More on another view of the Shenandoah Valley’s Civil War

July 10, 2011 by

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So far, I have about 345 USCT soldiers claiming different counties in the Shenandoah Valley as their place of birth… and I’m not even half way through the index which I’ve been looking into.Ultimately, all total, there may be enough to equate to one infantry regiment, or at least a hefty sized battalion. In the […]

More on the Civil War and tangents

July 3, 2011 by

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Funny how things seem to work… Recently, I made yet another visit to Winchester National Cemetery (I seem to be doing that a lot these days), looking to take a photo of a headstone for a trooper from Cole’s Maryland Cavalry. He died of illness in a hospital in Martinsburg, and, like most Union soldiers […]

Sesquicentennial in the Shenandoah Valley… what you probably won’t hear about

July 2, 2011 by

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It’s something that’s been totally overshadowed by “memory” of Stonewall Jackson, Turner Ashby, the Stonewall Brigade, and even Sheridan’s “Burning”… and something that will likely remain overshadowed during the Sesquicentennial here, in the Shenandoah Valley. It’s the story of the Valley’s free black and slave population… the Unionists civilians (slave and free), and those who […]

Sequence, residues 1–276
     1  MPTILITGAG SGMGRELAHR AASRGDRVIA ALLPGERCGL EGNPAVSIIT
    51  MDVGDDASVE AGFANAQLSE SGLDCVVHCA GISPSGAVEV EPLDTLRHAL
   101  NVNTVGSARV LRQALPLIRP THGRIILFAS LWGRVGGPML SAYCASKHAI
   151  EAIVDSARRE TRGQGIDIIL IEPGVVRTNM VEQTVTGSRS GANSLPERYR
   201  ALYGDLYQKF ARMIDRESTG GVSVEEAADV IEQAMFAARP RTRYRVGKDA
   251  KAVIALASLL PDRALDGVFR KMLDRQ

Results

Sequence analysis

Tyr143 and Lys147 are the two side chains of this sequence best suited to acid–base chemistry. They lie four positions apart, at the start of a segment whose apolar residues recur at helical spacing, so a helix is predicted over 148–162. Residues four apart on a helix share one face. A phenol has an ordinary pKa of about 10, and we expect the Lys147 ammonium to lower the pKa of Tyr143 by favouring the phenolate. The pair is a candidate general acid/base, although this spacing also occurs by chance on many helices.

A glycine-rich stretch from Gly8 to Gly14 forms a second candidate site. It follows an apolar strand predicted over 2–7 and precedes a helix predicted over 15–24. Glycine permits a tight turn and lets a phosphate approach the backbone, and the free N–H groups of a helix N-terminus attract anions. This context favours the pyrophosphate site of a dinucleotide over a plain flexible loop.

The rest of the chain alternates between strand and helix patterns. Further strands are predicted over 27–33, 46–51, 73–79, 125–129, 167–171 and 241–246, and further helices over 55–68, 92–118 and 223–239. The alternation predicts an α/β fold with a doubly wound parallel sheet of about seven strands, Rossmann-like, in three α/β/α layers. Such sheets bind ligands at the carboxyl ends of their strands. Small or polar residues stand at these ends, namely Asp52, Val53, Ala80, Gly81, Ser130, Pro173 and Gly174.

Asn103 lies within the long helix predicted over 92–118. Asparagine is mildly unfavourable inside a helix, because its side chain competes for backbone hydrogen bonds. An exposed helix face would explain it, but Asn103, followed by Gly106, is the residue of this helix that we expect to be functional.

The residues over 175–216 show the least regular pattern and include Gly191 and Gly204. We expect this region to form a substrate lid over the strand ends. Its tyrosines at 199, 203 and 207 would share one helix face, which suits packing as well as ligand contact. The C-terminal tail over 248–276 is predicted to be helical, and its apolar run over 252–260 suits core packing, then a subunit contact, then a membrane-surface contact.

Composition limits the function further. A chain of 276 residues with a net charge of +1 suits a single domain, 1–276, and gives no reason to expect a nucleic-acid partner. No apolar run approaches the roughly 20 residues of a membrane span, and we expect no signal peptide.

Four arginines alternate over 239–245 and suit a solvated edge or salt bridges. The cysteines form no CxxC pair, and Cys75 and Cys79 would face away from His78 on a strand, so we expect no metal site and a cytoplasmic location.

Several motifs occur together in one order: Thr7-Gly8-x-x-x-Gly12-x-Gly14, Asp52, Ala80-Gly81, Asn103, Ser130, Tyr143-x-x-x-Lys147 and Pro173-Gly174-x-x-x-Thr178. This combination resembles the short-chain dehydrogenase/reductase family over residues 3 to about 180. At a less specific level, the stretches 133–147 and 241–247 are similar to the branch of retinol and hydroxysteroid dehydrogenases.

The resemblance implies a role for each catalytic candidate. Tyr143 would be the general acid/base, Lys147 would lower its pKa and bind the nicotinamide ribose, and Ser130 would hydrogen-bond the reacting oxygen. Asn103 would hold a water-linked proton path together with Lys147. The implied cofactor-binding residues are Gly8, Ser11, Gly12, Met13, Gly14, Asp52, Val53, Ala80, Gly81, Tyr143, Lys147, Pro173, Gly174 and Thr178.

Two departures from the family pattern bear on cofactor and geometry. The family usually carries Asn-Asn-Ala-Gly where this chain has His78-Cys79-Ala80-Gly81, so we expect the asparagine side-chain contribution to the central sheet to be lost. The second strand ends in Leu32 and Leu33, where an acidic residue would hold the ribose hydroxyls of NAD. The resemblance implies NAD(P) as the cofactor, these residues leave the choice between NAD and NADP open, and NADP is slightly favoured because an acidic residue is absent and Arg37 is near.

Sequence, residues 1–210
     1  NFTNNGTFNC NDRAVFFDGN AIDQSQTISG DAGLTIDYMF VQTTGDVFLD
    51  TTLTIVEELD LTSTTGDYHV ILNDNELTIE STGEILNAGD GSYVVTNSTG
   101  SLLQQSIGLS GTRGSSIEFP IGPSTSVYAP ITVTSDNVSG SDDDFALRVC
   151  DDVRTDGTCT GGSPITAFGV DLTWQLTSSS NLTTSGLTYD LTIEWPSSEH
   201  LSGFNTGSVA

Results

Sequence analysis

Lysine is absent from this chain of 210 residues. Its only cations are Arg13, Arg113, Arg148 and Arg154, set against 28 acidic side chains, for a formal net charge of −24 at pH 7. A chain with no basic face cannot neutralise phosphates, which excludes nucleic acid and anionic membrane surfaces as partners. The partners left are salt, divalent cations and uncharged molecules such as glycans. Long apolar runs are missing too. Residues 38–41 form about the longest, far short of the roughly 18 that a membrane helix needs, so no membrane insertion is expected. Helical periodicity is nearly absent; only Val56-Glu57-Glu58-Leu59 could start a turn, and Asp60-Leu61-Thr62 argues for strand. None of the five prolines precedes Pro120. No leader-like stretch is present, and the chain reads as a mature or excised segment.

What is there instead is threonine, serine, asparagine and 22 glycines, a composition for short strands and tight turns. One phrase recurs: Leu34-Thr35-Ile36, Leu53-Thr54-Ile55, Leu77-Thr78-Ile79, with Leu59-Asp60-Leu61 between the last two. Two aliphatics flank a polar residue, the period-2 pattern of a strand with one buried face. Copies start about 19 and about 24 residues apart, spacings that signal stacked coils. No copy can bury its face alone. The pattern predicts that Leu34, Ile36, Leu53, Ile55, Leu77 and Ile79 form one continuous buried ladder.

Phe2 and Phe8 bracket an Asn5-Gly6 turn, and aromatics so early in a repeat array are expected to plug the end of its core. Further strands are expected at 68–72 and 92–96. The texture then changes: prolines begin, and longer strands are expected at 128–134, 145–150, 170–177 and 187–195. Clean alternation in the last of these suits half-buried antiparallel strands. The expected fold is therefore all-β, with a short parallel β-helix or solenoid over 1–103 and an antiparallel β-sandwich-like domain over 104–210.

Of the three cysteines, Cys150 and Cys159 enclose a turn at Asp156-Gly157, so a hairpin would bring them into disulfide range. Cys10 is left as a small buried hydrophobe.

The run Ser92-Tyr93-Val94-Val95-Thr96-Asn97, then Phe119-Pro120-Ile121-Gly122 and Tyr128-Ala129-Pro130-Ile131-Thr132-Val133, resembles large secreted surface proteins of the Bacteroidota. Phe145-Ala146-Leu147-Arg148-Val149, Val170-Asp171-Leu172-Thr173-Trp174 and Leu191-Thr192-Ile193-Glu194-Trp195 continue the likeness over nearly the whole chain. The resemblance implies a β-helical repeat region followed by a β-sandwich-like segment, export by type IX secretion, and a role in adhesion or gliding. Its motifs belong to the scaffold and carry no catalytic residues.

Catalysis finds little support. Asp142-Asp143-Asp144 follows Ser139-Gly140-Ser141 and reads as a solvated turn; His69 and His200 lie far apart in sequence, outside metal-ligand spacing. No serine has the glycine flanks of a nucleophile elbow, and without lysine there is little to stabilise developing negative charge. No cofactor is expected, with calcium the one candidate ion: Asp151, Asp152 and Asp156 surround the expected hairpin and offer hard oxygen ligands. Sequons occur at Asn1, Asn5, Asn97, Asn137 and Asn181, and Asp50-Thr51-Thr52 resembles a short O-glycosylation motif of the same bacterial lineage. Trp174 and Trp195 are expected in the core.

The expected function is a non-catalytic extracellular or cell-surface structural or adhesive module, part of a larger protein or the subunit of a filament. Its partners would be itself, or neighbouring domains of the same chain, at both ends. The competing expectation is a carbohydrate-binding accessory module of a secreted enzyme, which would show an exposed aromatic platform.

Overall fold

Small talk jibber jabber

March 16, 2009 by

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I couldn’t help but notice… and thought it worthy of mention here… that at the top of Virginia’s Department of Taxation page, there is an interesting graphic. From right to left, we have the Natural Bridge, the Godspeed II (I believe), Monticello, a shot from (I think) Colonial Williamsburg, and… as the focus on Virginia’s […]

Are we limited in our perspectives in the Civil War blogosphere?

January 26, 2009 by

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After reading a comment made in one of my posts from few days ago, I realized something; something that I had really not thought of before. I think it is revealing in terms of how the Web can erase racial barriers. Nonetheless, of all of those who blog in the Civil War blogosphere, who among […]

Another new beginning, from a few years back

January 23, 2009 by

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“Alfred Waud’s drawing captures the exuberance of the Little Rock, Arkansas, African American community as the U. S. Colored Troops returned home at the end of the Civil War. The victorious soldiers are joyously greeted by women and children.” From the Library of Congress’ “African-American Odyssey, Part 1“ Dual-posted in Southern Unionists Chronicles.

On “Black Confederates”

March 8, 2008 by

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I’ve been enjoying Kevin Levin’s blogging about Black Confederates lately and I particularly enjoyed his post Black Confederates: The Standard Formula. I don’t really think much of the position that some in the SCV and neo-Confederates (yes, I recognize a difference between the two, though at times, people from the two sets are one-in-the-same under the same neo-Confederate ideology) have taken […]